Fires could help save threatened savannah
Fri, 4th February '11
High-intensity fires might help preserve the large trees of the savannah grasslands of Southern Africa, which are under threat from the encroaching shrubs favoured by rising atmospheric levels of CO2.
This is one of the research topics to be discussed at the Wildfire 2011 conference, which will be held in Sun City, South Africa, from May 9 – 13.
The conference is the hottest event on the international firefighting calendar. The theme this year will be “Living with Fire – Addressing Global Change through Integrated Fire Management.”
Navashni Govender, of South African National Parks, will present a paper she co-authored about research into whether high-intensity fires could help preserve the large trees of the Kruger National Park. The research is the first of its kind for South Africa, if not globally.
Over time, the world-renowned Kruger National Park has seen a steady decrease in the number of large trees, while the layers of woody shrub have been densifying. This encroachment has been recorded over large areas all along the eastern parts of South Africa. Scientists are attributing it to a reduction in fire, overgrazing in many areas and an increase in atmospheric CO2 levels. This favours woody vegetation over savanna grasses, which evolved under lower CO2 conditions.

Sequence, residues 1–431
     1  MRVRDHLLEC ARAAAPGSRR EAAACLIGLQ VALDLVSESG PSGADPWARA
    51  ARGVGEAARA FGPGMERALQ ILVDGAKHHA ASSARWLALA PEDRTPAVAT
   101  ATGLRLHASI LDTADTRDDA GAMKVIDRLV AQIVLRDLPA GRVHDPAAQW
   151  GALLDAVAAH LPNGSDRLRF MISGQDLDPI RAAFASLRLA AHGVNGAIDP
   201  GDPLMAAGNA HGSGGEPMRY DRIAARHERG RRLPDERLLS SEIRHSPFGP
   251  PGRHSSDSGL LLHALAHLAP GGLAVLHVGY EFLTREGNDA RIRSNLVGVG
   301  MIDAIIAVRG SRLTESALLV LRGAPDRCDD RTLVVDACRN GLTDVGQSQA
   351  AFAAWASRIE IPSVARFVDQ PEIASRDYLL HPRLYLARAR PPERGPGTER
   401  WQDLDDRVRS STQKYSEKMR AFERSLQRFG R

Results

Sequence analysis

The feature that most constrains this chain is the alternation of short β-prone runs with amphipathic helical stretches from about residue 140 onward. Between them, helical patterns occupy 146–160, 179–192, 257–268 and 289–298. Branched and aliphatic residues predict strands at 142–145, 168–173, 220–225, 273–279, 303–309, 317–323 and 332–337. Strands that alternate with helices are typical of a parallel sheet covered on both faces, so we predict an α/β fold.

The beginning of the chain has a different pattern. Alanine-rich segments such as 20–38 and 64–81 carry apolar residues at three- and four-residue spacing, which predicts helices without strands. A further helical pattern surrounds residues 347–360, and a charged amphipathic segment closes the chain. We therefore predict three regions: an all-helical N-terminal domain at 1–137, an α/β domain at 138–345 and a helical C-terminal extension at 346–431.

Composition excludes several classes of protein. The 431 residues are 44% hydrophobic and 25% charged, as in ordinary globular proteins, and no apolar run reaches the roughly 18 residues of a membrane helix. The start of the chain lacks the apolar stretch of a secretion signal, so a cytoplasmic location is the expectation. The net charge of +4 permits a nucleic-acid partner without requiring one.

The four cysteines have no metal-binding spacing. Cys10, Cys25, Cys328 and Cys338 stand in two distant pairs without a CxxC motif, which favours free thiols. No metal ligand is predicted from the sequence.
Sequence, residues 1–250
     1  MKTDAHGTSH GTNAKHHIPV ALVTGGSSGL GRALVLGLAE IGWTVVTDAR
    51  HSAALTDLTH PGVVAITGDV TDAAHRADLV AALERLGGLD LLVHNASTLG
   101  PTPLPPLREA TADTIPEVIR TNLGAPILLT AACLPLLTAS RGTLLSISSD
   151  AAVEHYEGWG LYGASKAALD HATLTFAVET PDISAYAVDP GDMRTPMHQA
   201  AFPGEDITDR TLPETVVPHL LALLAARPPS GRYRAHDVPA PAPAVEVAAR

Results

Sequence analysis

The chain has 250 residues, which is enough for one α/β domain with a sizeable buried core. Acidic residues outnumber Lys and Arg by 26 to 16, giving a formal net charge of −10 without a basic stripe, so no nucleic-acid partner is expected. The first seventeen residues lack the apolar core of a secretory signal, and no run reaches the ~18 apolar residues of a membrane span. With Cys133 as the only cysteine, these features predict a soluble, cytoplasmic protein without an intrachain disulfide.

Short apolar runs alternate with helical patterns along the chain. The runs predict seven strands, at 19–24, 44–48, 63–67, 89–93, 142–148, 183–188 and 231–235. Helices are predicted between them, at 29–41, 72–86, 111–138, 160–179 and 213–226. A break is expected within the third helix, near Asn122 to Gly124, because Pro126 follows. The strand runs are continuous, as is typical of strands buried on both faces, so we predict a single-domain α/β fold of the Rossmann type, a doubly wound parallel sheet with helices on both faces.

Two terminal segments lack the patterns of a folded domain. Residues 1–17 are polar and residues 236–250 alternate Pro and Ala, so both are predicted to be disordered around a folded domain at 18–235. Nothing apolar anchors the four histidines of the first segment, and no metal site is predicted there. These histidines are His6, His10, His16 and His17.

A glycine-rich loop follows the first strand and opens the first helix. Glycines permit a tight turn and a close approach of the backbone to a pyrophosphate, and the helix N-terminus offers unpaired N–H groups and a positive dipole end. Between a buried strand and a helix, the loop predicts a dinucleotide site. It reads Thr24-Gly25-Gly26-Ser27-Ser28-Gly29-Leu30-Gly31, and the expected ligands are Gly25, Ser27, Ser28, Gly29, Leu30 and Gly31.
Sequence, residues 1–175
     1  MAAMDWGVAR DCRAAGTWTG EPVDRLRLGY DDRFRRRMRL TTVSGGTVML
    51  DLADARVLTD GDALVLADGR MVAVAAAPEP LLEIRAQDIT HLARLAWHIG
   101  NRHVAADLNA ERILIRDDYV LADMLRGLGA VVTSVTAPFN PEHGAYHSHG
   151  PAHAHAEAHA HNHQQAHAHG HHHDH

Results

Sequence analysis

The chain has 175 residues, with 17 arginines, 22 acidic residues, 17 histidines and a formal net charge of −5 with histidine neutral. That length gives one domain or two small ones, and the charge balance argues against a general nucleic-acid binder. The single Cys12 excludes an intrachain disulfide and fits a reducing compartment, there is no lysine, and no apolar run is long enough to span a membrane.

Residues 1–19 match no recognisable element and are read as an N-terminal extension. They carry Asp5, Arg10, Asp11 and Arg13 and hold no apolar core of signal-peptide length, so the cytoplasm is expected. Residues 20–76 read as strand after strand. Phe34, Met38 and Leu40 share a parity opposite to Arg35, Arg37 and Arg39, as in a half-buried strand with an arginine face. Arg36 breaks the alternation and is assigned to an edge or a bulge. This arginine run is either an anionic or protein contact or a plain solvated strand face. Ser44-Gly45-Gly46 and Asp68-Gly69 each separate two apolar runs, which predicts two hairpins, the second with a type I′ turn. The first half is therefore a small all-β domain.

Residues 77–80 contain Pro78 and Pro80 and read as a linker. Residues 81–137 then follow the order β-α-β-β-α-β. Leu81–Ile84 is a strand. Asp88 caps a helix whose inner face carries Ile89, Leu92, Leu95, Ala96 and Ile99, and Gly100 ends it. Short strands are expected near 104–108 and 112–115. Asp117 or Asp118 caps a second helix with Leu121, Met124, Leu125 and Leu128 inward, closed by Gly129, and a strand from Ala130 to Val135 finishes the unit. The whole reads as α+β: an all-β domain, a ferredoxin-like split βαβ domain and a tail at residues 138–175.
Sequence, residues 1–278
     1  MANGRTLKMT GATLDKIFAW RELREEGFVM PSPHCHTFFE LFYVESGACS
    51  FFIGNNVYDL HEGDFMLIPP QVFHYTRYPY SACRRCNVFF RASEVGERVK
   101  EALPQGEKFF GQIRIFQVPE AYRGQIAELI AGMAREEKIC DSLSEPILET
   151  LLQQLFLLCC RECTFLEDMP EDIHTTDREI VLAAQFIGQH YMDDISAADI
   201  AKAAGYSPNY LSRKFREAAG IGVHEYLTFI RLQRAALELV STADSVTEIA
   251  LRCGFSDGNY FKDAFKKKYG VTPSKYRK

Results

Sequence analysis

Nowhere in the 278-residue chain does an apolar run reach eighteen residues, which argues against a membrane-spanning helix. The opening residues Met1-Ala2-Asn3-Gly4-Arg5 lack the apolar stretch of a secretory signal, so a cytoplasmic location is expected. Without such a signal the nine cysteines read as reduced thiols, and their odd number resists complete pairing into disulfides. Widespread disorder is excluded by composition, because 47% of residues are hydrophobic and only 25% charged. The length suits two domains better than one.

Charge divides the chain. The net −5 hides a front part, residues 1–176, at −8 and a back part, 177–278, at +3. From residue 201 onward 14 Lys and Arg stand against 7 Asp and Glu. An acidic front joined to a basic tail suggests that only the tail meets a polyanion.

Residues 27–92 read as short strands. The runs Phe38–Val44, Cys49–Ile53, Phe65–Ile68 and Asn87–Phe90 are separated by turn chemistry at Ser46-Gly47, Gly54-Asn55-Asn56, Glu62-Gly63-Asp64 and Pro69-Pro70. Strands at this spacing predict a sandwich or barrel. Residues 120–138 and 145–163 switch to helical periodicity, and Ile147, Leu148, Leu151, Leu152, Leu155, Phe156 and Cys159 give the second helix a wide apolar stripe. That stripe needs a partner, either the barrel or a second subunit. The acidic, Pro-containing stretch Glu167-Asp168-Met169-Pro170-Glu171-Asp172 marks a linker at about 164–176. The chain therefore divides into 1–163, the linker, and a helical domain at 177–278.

These changes threaten the savannas, a crucial biome that makes up a large part of Africa’s land cover and sustains millions of people.
The researchers investigated the effect of high-intensity fires on the woody vegetation as well as on the tall trees, which include marula and knobthorn trees, and the fire regime that would allow these tall trees to escape the “fire trap”.
Preliminary results will be presented at the conference.
The conference is organised by AfriFireNet, the sub-Saharan wildland fire network, and funded by the South African government. It has the backing of the United Nations’ International Strategy for Disaster Reduction and the Food and Agricultural Organisation.
Issued by HWB Communications Pty Ltd on behalf of Wildfire 2011
For more information please call:
Evelyn John Holtzhausen, on +27-(0) 82 658 6007